In Years Past
100 Years Ago
In 1913, Captain Robert F. Scott and party had lost their lives in the far south. They had reached the South Pole, it was learned, and were headed northward when they were overwhelmed by a blizzard. The expedition consisted of 28 officers and scientists in addition to a crew of 23 picked men from the British Royal Navy. The entire party had perished. Mrs. Scott, now tragically the widow of the British Antarctic explorer, sailed from San Francisco Feb. 5 for New Zealand, expecting to meet her husband there. She sailed on the Aorangi, and it was improbable that she would learn of her husband’s death until she reached New Zealand, although efforts were being made to reach the Aorangi by wireless.
At 10 p.m. Friday night, fire was discovered in the barber shop on the Kinney property near the Pennsylvania depot in Brocton. An oil stove left lighted to keep the building warm during the night had apparently exploded and the fire was well under way before discovered. A heavy wind was blowing and as the barber shop was located in the alley between the large frame buildings occupied by DeHart Lynch as a grocery and Harlow Rhinehart as a saloon, it was necessary to get the fire under control at once if those buildings were to be saved. Fortunately, the hoserooms of the Brocton Hose Company were only 100 feet away and prompt action on the part of the firemen put the blaze under control with slight damage to the adjoining buildings.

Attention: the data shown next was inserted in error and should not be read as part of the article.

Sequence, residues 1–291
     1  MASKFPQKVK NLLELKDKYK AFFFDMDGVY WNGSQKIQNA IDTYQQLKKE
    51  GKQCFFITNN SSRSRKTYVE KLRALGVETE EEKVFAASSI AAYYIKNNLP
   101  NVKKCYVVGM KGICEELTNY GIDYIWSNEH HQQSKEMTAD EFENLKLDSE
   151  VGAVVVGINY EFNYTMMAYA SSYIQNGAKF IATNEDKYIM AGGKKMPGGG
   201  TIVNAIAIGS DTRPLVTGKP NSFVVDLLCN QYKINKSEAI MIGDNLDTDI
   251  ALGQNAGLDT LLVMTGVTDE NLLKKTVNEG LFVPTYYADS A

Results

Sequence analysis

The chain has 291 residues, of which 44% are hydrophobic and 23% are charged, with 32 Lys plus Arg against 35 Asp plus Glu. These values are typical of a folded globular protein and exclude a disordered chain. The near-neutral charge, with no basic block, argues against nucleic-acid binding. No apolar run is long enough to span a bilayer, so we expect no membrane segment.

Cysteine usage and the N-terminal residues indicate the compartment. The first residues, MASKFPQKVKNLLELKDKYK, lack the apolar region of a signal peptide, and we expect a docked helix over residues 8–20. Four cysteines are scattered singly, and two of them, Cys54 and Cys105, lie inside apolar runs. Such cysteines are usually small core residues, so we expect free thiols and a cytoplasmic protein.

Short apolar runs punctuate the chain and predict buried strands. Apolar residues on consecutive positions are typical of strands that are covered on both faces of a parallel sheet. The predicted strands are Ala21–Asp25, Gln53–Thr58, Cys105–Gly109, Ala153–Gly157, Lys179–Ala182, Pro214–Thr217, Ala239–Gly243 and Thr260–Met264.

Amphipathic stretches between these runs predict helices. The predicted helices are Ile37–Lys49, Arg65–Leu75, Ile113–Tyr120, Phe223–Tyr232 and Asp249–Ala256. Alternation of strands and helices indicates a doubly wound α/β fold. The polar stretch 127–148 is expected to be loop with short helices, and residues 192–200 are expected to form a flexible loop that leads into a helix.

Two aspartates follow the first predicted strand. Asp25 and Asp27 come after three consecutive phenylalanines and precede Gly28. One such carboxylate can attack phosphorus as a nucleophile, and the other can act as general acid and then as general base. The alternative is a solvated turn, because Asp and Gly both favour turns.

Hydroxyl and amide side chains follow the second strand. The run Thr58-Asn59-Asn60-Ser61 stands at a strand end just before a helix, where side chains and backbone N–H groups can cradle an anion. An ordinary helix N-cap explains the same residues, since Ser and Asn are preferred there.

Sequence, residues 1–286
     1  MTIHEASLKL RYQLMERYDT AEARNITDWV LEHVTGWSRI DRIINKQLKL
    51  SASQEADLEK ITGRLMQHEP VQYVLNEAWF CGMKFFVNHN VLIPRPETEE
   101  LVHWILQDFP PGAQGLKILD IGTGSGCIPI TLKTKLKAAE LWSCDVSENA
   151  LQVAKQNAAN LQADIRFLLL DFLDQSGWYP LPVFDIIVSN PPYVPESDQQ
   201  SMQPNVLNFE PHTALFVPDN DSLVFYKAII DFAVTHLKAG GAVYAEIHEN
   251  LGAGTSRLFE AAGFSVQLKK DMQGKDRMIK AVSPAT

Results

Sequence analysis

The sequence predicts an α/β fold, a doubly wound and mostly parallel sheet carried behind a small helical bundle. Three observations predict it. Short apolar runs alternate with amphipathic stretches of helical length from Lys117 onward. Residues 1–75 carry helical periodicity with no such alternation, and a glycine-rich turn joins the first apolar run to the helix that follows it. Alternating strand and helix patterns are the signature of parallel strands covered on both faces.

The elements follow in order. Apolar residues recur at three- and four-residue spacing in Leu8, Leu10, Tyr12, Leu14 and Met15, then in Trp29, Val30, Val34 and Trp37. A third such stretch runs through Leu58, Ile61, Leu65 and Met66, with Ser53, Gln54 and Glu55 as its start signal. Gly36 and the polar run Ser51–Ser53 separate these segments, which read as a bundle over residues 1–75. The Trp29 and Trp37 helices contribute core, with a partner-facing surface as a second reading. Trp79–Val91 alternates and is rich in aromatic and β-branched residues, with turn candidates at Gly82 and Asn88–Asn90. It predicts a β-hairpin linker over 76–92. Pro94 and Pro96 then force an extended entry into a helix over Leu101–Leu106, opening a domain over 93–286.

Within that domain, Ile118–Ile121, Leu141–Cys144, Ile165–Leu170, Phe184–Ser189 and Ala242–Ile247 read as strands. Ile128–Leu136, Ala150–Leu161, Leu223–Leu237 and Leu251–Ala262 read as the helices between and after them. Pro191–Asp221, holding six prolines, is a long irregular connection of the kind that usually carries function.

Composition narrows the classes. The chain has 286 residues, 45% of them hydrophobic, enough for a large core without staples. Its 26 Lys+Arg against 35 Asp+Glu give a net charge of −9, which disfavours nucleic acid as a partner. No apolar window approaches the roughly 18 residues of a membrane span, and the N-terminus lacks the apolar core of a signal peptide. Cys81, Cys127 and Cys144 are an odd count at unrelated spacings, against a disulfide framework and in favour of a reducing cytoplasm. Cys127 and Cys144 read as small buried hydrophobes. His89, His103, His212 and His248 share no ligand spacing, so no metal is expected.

75 Years Ago
In 1938, Robert H. Jackson, Jamestown, assistant attorney general of the U.S., told a Senate committee examining his qualifications to be President Roosevelt’s solicitor general, that he did not leave private law practice for government service with any desire “to change the government of the United States in any way.” Closely questioned by members of a Senate judiciary sub-committee on his opinions regarding the Supreme Court, democracy and the Constitution, Jackson summed up his constitutional views by saying: “All I desire is that the government of the United States function in such a way as to be the greatest benefit to the greatest number of people.”
Ripley Grange met Saturday with Master John Emminger in the chair. Dinner was served at noon by the men of the grange, who were proficient in serving oyster stew and pies. They were gowned in their caps and aprons and proved they understood the art of serving. The lecturer’s hour consisted of a Lincoln program with readings and music.
25 Years Ago
In 1988, window service at Jamestown’s post office would be suspended from 1-2:30 p.m. weekdays, effective as of the following week according to Postmaster Ronald E. Atkinson. In Warren, Postmaster Tim Primerano said the daily opening time there would be a half hour later – at 9 a.m. rather than the present 8:30 – but the windows would be open continuously until 5 p.m. weekdays and noon Saturdays. Both he and Atkinson pointed out that the service cutbacks were the result of implementation by the U.S. Postal Service of provisions of the Omnibus Budget Reconciliation Act of 1987 which mandated a savings of $1.25 billion by the agency during the next two years.
A Dunkirk man was killed the previous morning in a car-train collision at the Newell Road crossing in the town of Sheridan. Ignacio Ramos Jr., 32, a former Dunkirk city clerk, was thrown from his car at 10:40 a.m. after failing to yield to a westbound 100-car two-engine freight train on Newell Road, a Chautauqua County Sheriff’s Department spokesman said. The intersection, about three miles from the South Roberts Road crossing in Dunkirk where six high school students were killed when a freight train struck the car they were in on Nov. 1, had no flashing lights or crossing gates.